OBJECTIVE OF KRIG:  Be the last player remaining with hit points


MATERIALS NEEDED: Each player will need their own D20, D10, D6, D8 and D4 dice

TYPE OF GAME: Dice game

AUDIENCE: Kids, Adults


Krig is a dice combat game for two players developed by Alejandro Diaz.  He describes it as a minimalist game, and he is absolutely spot on.  The small amount of space required, the simple set of dice needed for the game, and the short amount of time needed to play the game makes Krig a perfect choice for many occasions.  Have a little time to kill at the pub or restaurant? Bust out Krig.  Waiting for others to finish their game of Magic the Gatherin?  Crush a game of Krig.  Heck, this might even make for a great minigame to include in your D&D campaign.


To play Krig, each player will need an assortment of dice.  They will need their own D20, D10, D6, D8, and D4.  For those who do not know, the D simply stands for die, and the number is how many sides the die has. 

The D20 will act as the player’s hit points (health), the D10 represents Agility, D6 represents Attack power, D8 is Defense, and the D4 represents Parry.


In this game, players will take turns perrforming a single action.  As the game progresses, players will receive attack damage and lose hit points.  The player that loses all of their hit points first loses the game. 


Each player will place their dice as displayed in the above image.  A printable two player playmat is included at the end of this article.  As pictured above, the dice are to be placed in their starting positions. 

The D20 represents the player’s health, and it should start with the 20 side showing.  The rest of the dice should just simply be placed on their starting position.  The face showing does not matter.


Each player should roll their D10 Agility die.  The player with the highest roll gets to go first.  Return the agility dice to their starting positions.


On a player’s turn, they are able to complete one of the following actions: attack, defend, or charge.  When attacked, a player is able to attempt a parry, and the success of that parry will determine the next player’s turn.

To attack, the player rolls both their D6 and D10 together. The result of the D6 roll is subtracted from their opponent’s health unless the opponent is capable of defending.  If the result of the D10 Agility roll is a 1, the attack missed.  If the D10 result was a 10, the attack made a critical hit and cannot be blocked or defended against.  Critical hit damage goes straight to the HP counter.  If the defending player has a defense die in place, it does not absorb any damage from a critical hit.  It should be noted, that the 0 on the D10 actually represents the value of 10.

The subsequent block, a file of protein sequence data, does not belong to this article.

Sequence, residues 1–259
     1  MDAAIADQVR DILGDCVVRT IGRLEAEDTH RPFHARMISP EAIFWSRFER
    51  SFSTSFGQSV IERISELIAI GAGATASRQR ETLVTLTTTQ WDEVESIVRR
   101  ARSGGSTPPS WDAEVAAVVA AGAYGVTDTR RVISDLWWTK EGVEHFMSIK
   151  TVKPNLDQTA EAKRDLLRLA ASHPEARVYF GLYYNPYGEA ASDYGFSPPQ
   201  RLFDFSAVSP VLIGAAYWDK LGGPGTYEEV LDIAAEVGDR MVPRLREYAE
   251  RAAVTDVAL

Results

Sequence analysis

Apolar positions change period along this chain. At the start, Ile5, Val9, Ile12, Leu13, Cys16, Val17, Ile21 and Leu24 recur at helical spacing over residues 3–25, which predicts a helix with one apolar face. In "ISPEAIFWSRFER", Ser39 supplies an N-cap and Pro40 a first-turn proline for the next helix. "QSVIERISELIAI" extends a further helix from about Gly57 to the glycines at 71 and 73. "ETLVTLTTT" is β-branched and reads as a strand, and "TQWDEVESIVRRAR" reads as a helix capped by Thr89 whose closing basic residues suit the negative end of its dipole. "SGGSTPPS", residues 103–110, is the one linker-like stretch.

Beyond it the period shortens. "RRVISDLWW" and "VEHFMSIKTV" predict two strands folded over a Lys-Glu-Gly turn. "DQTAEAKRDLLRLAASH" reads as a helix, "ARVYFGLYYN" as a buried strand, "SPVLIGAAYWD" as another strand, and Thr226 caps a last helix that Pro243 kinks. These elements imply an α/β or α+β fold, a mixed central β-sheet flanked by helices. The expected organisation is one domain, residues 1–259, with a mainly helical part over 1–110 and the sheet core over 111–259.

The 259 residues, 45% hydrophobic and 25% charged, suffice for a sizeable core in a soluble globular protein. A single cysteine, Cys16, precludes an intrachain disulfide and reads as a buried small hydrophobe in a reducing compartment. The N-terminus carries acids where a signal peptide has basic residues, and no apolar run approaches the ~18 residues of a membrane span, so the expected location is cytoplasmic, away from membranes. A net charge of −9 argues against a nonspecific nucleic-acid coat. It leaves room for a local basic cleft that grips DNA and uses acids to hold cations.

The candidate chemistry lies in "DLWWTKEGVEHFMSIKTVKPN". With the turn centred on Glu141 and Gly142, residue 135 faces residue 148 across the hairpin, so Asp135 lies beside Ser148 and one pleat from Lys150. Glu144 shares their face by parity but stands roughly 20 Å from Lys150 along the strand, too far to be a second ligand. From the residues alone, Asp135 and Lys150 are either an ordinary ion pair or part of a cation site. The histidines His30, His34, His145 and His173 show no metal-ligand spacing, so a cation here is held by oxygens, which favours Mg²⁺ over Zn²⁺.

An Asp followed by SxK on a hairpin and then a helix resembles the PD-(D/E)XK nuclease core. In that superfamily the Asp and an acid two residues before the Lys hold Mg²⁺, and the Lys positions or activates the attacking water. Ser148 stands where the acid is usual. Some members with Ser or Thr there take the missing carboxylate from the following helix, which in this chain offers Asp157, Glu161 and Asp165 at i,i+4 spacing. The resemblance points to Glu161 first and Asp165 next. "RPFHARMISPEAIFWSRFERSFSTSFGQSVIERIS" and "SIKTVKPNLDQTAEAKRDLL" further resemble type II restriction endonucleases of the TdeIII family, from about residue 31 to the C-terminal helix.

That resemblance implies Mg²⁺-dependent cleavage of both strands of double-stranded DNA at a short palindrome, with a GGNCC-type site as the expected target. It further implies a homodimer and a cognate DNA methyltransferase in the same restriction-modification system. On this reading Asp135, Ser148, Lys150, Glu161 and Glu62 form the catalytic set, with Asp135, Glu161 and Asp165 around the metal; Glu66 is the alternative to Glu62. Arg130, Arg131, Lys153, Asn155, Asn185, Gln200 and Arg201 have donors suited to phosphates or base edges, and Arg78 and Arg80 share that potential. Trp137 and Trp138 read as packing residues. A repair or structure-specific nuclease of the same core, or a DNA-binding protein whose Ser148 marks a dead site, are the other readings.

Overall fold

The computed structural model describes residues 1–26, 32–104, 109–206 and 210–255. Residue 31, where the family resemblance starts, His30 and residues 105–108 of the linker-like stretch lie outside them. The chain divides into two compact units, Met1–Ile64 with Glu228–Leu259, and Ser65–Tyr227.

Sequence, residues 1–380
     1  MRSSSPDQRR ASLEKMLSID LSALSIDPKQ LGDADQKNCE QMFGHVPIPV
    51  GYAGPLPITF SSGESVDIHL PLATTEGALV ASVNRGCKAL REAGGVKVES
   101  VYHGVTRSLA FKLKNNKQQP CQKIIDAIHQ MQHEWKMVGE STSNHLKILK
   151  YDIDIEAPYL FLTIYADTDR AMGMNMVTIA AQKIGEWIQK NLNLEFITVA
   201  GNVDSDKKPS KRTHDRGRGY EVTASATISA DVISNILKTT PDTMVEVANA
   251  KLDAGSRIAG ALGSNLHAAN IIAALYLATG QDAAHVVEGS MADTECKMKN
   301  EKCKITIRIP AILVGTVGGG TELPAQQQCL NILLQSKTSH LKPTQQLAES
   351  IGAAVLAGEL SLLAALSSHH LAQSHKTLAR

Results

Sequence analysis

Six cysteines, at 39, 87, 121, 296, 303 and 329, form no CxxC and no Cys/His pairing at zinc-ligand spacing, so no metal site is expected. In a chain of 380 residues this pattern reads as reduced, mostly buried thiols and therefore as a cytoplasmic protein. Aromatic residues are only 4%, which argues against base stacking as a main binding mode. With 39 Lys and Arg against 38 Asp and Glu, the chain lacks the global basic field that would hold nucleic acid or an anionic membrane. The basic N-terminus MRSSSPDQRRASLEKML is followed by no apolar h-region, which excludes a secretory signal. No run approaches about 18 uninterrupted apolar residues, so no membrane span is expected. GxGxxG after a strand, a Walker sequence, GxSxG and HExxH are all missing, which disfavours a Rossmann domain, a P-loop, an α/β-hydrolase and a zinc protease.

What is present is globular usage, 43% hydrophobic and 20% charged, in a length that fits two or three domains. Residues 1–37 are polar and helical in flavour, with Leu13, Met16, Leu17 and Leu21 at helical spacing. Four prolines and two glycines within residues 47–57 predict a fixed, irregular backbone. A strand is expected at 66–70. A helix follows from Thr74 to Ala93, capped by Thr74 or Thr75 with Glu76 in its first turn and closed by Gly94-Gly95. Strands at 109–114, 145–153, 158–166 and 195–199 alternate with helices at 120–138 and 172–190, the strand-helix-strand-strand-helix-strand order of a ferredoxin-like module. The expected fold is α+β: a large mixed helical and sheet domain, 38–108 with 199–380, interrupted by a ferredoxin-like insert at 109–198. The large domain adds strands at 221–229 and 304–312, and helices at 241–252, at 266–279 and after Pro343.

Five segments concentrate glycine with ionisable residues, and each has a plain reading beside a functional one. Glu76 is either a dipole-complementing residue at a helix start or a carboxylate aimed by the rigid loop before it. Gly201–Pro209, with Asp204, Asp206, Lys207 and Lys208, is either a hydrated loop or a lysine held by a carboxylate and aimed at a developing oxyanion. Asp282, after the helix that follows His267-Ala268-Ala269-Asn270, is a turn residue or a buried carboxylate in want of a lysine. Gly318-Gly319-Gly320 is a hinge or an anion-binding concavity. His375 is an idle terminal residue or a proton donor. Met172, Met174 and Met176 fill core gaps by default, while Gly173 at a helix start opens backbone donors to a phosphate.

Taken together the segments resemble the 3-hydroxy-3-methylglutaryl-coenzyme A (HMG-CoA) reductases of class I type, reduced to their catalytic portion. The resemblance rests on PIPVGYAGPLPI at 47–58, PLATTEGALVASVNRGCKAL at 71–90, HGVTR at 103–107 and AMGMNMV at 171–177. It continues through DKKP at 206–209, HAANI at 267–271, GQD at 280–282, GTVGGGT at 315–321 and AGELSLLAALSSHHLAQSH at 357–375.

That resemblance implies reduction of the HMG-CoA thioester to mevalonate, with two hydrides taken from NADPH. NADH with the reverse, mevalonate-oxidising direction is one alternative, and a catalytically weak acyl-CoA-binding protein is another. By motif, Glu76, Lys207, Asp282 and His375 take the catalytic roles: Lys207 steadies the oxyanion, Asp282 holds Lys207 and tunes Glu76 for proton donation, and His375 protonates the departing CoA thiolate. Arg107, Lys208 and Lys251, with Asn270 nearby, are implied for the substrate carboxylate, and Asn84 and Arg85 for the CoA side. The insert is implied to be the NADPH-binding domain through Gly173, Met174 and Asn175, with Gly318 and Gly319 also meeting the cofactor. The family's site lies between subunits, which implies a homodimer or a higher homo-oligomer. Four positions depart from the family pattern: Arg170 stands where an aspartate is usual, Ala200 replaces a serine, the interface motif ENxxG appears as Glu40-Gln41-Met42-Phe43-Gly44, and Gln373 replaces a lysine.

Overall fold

On a player’s turn, they might choose to Defend.  To do so, the player rolls their D8 and places the die next to their D20 with the result showing face up.  When they are attacked, the damage will first be subtracted from their defense die unless their opponent makes a critical hit.  A critical hit cannot be absorbed by the D8.  The D8 remains in the defense position until it reaches zero.  At that point, the D8 is returned to its starting position.

A player may also choose to Charge.  When a player charges, they simply pick up the D10 Agility die and place it on the Charge location.  This ends their turn.  On their next turn, they will be able to attack with both their D6 Attack and D8 Defense.  The combination of the two equals their total attack power for that turn.  The player also rolls their D10 Agility die to determine if the attack misses or is a critical hit.  If a player charges, they must attack on their next turn.  A charge allows the player to use their D8 Defense die regardless of whether it was activated or not.  If a player chooses to charge, any defense points they had are lost.  A player cannot parry while charging. 

After being attacked but before the damage is taken, the player being attacked can choose to parry.  To parry, the player being attacked rolls their D4 Parry die.  If their roll is equal to or more than the attacker’s D6 roll, the parry is successful.  The attack fails, and the defending player gets to take their turn.  If the parry fails, the attack hits and the defending player loses their turn.  The attacker gets to go again.  A charge attack or a critical hit cannot be parried.

Play like this continues with each player choosing an action to perform until only one player remains with hit points.


The last player remaining with hit points is the winner.

Mark Ball
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